I was an emotional wreck by the time they got to the theme from The Mission anyway, but the final part from the end of the Firebird left me with tears streaming down my face, laughing with joy just like Miranda in Pilgrimage to Heresy when she first sees the front of the Cathedral (and, as it turns out, Rebekah on the Forum).
The fireworks themselves brought the usual oohs and ahs. But I have to say that although I have not yet read the Galicia press (what of it I CAN read - my Galego still...um...needs work) I think that the overall impression of the hundreds of people gathered there may have been disappointed. Half way through “Spring” - all green and dreamy with Mike Oldfield – the whole sound and light thing broke down which necessitated a visible rewind. It immediately did this again and took three minutes to get it right, accompanied, unfortunately, to a good deal of whistling and cat calls.*
However, for me it was an amazing presentation, de verdad, even though the projector/laser/music thing broke down twice at the same place (I can imagine the President of the Xunta being a bit, shall we say distressed, especially as conservative estimates put the whole thing at 230,000 euros but don't quote me). But as the fireworks drifted into smoke and the last chords of Stravinsky floated into the cool night sky there was at first total silence...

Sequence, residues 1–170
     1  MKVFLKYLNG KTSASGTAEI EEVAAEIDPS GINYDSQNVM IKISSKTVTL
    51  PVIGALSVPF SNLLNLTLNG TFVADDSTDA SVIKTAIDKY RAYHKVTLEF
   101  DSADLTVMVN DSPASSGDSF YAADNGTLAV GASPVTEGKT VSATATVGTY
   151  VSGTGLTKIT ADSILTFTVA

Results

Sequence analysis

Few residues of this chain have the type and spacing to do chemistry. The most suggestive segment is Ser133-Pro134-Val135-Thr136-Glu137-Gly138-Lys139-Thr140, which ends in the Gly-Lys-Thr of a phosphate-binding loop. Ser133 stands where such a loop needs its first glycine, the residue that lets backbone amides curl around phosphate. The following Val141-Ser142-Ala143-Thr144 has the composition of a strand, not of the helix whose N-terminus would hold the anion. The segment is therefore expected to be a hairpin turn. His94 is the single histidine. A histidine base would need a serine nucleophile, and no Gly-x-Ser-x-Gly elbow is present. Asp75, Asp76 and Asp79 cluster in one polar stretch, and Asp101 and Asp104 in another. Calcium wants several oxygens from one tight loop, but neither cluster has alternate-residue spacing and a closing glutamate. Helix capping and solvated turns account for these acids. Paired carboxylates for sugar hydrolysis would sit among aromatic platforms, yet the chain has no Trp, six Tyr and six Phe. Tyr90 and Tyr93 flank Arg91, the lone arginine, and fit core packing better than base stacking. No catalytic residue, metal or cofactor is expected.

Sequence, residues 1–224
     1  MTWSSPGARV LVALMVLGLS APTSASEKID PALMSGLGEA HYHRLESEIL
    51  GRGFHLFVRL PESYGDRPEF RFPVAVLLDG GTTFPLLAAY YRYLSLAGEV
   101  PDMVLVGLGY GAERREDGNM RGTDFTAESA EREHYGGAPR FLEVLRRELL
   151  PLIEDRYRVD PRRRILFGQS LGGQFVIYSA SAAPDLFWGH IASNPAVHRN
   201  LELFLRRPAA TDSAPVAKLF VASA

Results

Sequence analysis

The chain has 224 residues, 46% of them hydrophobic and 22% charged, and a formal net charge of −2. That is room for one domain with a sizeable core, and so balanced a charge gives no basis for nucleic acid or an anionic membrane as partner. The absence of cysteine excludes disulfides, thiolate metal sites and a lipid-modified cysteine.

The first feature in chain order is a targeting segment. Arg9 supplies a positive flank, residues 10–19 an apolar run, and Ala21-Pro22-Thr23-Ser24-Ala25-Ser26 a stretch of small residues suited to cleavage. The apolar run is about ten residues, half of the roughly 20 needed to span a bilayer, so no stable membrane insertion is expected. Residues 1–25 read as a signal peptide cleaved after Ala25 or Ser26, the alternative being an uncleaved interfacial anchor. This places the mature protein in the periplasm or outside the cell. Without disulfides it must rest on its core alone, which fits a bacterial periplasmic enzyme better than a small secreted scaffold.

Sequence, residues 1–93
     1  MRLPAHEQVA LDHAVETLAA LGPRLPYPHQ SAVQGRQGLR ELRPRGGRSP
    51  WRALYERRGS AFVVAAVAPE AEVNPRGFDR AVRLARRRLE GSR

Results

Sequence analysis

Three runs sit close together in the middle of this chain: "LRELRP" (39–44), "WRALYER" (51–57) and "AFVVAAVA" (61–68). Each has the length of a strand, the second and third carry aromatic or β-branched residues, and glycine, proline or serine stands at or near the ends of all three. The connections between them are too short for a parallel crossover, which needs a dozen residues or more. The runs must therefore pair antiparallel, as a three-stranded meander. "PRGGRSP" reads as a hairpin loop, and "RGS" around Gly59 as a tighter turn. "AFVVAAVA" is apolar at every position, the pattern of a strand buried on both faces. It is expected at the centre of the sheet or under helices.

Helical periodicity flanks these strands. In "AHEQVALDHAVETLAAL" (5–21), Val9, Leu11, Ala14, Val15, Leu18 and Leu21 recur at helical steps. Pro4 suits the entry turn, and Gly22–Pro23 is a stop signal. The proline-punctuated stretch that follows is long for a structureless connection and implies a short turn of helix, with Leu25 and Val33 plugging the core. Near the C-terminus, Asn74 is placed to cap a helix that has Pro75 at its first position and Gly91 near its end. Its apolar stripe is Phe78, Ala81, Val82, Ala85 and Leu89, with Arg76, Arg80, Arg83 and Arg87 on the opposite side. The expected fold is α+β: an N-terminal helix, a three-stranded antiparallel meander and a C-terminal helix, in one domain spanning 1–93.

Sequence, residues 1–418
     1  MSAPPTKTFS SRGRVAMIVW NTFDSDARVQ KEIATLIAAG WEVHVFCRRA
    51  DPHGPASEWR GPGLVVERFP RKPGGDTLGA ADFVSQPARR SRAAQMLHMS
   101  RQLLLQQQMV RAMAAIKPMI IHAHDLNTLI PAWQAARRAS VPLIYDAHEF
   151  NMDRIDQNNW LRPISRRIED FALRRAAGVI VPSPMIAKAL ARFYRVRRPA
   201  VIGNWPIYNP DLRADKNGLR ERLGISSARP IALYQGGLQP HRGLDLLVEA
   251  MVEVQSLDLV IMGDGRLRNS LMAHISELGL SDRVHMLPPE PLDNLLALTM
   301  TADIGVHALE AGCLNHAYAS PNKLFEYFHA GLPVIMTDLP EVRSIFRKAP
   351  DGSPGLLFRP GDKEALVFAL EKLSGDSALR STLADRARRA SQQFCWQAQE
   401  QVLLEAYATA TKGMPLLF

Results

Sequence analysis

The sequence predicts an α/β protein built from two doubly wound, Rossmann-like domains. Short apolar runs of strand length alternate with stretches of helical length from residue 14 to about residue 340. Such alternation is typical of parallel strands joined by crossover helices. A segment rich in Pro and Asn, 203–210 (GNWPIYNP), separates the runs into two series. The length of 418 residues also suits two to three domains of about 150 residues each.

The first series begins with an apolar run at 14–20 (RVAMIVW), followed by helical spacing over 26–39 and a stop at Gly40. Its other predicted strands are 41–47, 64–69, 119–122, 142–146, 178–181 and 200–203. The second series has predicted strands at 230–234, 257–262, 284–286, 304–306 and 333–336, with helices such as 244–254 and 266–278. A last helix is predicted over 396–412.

I was directly under the balcony where all the "Functionarios" had gathered after their no doubt expensive dinner at the Hostal de Reyes Catolicicos in Praza Obradoiro. There were an awful lot of them and the security was Very Fierce. I heard a little muted, almost embarrassed, clapping from above but no more than a few people. Then it too stopped. Moments passed before a few more decided that it WAS the end after all as the "credits" rolled up the wall of the Palacio de Diego Gelmirez (all Italian names I noticed - but then we probably don't know much about such things in Spain ) A few joined from the crowd, and then a few more as we realised that "this was it". As people dispersed the atmosphere was remarkably subdued and not at all what you expect after such a - and it really was fantastic and I for one loved every minute if it - espectaculo.
I have never seen the celebrations before. Despite five or six times in Santiago and three plus one more pilgrimages this is the first time I've been here for the 25th. I have, however, seen last years' on YouTube and it really is amazing, even when on a monitor screen. Perhaps people expected more of the same. This was very "artistic": elegant, contemporary, perhaps even a little erotic (a couple kissing in very large scale projected onto the Cathedral front - hmmm...could lead to dancing...) It was less "fireworks" and more "exhibition".
Either way, this is one pilgrim who was very glad she was there and still wonders how "they" knew my favourite pieces of music.
Thanks, Consello de Santiago
*A little note: at the time of writing apparently the Xunta are asking for their money back!
And finally, I am writing this on the day that I leave Santiago, and so I enter and leave at the same time.